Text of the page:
Currently Maintenance, Repair and Overhaul (MRO) companies are using robotics to inspect the exterior of the aircraft for damage created by birds, lightning strike and ice. This more efficient way of inspection speeds up the process to get the aircraft back in the air, thus maximising the financial investment. However, as technology advances, robotics can play a more substantial role in the overall maintenance of the aircraft. This alongside the AR / VR tools used by the human engineers will create a more stable financial model for investors to look for higher returns within the industry.
Many aviation market leaders are developing AR / VR technology practices for the maintenance and production of aircraft, with the ability to cut production or service time with current averages of 25% by means of wearable AR glasses. Aviation companies have in the past had to use large sized manuals to help engineers map out all tasks of each type of aircraft, engineers would have to continuously stop and revert to the manuals, which led the advancement of AR / VR technologies. This technology can reduce the number of hours required to service and build aircraft, as engineers will not have to stop and look constantly to check diagrams and schematics on a computer screen or to check and double check the correct configuration was being applied.
Now with this new technology in the AR glasses, engineers can use a viewfinder built into the glasses with the diagrams and schematics visible in the viewfinder and are commanded by voice, allowing the engineer to focus on the task without looking away. There is also a tracking interface and a search function giving step-by-step schematic for every task needed for the aircraft. If there is a major issue, engineers are able to utilise remote experts that are able to view what the engineer sees through the video camera on the glasses. The remote expert is also able to give voice instruction and walk the engineer through any task. Using the AR glasses, the error levels can be reduced to almost zero and the production and service time reduced by at least 25%. There is also a large reduction in overall costs, as the more expensive expert engineers will not need to travel from site to site, allowing them to be in a single base but share their expertise across many different locations to junior engineers.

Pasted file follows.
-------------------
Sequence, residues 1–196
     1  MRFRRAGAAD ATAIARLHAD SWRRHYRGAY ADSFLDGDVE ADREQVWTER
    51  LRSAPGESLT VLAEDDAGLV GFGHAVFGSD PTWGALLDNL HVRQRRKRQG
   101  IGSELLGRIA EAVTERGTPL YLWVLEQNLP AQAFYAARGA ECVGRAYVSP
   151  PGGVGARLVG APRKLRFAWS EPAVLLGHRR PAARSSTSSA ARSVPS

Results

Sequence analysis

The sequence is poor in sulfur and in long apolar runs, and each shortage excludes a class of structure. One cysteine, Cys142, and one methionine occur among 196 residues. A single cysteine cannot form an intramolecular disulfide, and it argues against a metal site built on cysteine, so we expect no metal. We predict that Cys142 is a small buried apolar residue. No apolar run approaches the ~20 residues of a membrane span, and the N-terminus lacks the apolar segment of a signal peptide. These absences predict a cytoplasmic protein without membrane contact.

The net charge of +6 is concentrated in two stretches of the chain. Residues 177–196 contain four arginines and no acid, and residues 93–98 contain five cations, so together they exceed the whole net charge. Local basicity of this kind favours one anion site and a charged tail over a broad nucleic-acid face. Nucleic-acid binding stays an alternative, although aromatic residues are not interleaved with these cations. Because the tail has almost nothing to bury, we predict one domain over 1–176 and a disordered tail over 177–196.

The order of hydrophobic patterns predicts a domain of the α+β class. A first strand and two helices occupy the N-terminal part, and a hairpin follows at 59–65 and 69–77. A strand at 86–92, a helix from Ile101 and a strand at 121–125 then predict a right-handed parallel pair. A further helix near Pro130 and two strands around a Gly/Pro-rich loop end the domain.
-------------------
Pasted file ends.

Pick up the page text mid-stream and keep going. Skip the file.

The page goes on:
All of these new technologies are in their infantile stage, but once it has matured and the engineering industry understands the full capacity of the AR / VR and smart integration tools and robotic functions, the industry will be able to produce and maintain all current and future aircraft at a fraction of both cost and time. There will also be the influx of other established aviation organisations and new organisations that will explore this new technology, which will in turn develop new tools, methodologies and time saving practices that will help the industry find better economic efficiency. The time is now, the beginning of the 2020s, for the industry to reshape and make aircraft engineering more financially attractive to investors.